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Reviewed by Grant Leishman for Readers' Favorite
The Magician (The Donora Story Collection) by Kathleen Shoop is the third book in a collection focused on a small mill town in Pennsylvania, called Donora. The Magician is a fictionalized version of perhaps Donora’s greatest export and son, the Major League Hall-of-Fame baseball player, Stan Musial. Musial, who won three world series titles in a lengthy career with the St Louis Cardinals, grew up poor and struggling during some of the toughest times in America, the Great Depression. Of Czech and Polish immigrant parents, the Musials lives, like most of those in Donora at the time, revolved around the poisonous and dangerous wire works and zinc factories that lined the Monongahela River. We follow Stan from his early days as he, his brother, and their friends do whatever they can to continue playing the game they love, baseball, even if they have to use old broomsticks as bats and homemade balls to hit. To young boys (and the odd girl) who dream of major league stardom, whatever they need to do to fulfill their destinies, they will do. We watch as Stan matures into a strong young man, with all the potential to succeed but will he have what it takes to lift himself out of the mill town and into national prominence as a major league ballplayer?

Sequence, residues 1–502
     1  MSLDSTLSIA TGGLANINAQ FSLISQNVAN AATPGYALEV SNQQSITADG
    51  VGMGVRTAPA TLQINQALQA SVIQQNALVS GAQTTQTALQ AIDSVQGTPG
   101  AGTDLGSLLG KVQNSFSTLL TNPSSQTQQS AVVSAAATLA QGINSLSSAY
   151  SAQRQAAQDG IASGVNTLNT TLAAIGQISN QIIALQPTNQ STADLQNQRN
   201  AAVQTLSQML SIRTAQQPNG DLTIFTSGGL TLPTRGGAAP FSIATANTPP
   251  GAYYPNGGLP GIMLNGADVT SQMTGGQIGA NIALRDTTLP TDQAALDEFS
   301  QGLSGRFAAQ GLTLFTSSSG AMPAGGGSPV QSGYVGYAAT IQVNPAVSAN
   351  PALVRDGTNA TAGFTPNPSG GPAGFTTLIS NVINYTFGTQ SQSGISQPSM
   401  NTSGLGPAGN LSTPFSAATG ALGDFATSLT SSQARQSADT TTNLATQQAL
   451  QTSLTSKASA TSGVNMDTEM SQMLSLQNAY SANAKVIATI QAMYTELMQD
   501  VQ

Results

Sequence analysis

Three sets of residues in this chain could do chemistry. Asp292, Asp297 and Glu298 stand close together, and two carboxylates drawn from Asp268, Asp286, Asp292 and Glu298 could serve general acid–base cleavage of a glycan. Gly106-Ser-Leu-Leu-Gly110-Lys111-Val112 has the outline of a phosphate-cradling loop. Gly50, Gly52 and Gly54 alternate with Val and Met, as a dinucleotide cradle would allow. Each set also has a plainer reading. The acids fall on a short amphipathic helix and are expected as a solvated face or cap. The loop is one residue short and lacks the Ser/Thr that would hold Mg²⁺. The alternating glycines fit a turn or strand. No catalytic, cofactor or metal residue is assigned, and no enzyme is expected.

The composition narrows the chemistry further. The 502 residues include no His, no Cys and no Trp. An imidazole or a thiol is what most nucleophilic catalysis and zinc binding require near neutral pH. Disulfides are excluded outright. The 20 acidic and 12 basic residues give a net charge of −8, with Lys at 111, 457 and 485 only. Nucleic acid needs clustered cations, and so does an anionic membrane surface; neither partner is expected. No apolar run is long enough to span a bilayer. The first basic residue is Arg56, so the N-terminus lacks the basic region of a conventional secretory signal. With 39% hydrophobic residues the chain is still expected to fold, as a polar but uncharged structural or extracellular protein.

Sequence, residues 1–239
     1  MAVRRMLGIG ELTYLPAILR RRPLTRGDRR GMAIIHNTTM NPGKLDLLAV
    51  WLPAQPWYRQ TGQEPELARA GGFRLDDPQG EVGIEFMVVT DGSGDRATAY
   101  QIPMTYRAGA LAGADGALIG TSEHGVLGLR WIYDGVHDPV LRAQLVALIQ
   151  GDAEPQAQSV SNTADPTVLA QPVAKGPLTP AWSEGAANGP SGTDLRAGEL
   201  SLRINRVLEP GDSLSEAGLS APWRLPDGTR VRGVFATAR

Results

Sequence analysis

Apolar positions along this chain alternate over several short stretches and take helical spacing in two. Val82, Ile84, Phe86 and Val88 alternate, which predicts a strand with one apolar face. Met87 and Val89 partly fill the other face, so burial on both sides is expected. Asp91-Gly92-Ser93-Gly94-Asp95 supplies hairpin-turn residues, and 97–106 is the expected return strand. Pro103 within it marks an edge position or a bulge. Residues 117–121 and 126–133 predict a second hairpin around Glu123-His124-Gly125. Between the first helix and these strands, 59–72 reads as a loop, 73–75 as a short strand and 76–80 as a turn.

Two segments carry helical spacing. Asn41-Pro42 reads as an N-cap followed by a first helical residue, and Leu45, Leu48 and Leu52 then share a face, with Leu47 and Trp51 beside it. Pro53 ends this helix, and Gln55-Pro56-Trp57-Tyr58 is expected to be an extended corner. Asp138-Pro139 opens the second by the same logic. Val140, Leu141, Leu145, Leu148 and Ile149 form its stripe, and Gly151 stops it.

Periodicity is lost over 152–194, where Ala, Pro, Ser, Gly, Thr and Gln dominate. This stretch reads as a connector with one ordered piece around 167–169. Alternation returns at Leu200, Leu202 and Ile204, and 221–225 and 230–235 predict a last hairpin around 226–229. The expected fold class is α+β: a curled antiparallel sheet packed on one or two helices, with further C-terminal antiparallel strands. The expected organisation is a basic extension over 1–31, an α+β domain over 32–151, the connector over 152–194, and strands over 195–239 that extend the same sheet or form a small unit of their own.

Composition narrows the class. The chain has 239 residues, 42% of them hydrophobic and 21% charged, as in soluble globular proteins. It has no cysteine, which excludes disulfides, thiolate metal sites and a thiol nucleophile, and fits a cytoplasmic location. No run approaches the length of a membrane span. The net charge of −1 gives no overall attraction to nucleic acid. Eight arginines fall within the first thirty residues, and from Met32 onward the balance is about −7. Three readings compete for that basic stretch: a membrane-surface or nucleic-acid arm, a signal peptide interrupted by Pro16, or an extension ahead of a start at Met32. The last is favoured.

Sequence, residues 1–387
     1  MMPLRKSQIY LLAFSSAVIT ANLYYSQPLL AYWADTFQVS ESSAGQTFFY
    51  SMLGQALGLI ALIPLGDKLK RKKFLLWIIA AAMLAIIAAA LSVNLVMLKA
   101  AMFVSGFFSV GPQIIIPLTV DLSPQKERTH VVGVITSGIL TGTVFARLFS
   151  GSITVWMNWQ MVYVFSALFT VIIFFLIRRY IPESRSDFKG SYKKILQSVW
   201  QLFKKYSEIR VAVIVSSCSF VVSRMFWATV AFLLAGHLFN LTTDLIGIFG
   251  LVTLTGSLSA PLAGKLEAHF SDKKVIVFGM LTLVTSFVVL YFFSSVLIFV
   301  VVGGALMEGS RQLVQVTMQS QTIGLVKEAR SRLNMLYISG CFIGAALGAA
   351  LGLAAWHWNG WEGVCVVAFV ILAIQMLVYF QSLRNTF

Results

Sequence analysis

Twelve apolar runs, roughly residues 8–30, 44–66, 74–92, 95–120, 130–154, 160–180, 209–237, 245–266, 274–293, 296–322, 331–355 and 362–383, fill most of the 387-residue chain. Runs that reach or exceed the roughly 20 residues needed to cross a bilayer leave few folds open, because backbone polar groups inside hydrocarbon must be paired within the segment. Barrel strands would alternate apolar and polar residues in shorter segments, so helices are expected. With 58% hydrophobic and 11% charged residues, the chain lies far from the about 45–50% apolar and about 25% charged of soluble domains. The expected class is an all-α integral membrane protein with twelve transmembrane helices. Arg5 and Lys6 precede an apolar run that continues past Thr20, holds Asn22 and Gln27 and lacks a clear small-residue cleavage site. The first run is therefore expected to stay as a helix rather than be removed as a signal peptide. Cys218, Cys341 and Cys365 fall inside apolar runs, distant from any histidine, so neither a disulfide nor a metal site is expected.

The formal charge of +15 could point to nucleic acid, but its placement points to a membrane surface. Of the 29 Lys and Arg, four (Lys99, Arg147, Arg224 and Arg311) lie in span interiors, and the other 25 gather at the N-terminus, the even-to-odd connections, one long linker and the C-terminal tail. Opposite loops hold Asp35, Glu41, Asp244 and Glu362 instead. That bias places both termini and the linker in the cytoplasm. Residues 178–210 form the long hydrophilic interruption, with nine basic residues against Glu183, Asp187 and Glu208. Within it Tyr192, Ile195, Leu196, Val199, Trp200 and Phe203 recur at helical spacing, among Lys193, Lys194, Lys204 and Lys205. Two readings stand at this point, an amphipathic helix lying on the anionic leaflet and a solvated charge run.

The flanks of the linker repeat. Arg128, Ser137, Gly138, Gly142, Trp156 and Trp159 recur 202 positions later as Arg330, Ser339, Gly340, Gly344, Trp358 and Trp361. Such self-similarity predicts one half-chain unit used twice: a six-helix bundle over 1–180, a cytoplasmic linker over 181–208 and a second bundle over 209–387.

The Magician is a book that sings to the reader’s sense of justice and fairness. Life for Stan, his long-suffering mother, and his siblings could not have been harder. The working man’s lot in the 1920s and '30s was not an easy one. Mill workers rose and fell on the economic climate and often on the whims and petty arrogance of their bosses and mill owners. I loved the positivity and clarity that Stan’s mother Mary brought to the family, especially in the face of a proud, but also frightened immigrant husband, whose vision never raised much above being a mill worker and earning a few dollars for his family. The sense of family and trust in something better for the Musials shone through every page. Stan, as a character, was more sensitive, caring, and lacking in self-confidence than one would expect to find from a “jock” and yet in many ways that is what endeared him to me as a reader. I liked the author’s contrivance of an elderly compatriot of Stan in a nursing home in 2019, conveying Stan’s story to his own grandson, who was on a baseball journey of his own. This just gave the story a reality that was refreshing. This is not a short read, but it is beautifully written, and the pages fly by. If you are a baseball nut, this is required reading, in my opinion, but, if like me, baseball is a foreign language, it is still an absorbing and telling tale of familial love, determination, courage, and the ability to see the best in even the worst situations. I loved this story and can highly recommend it.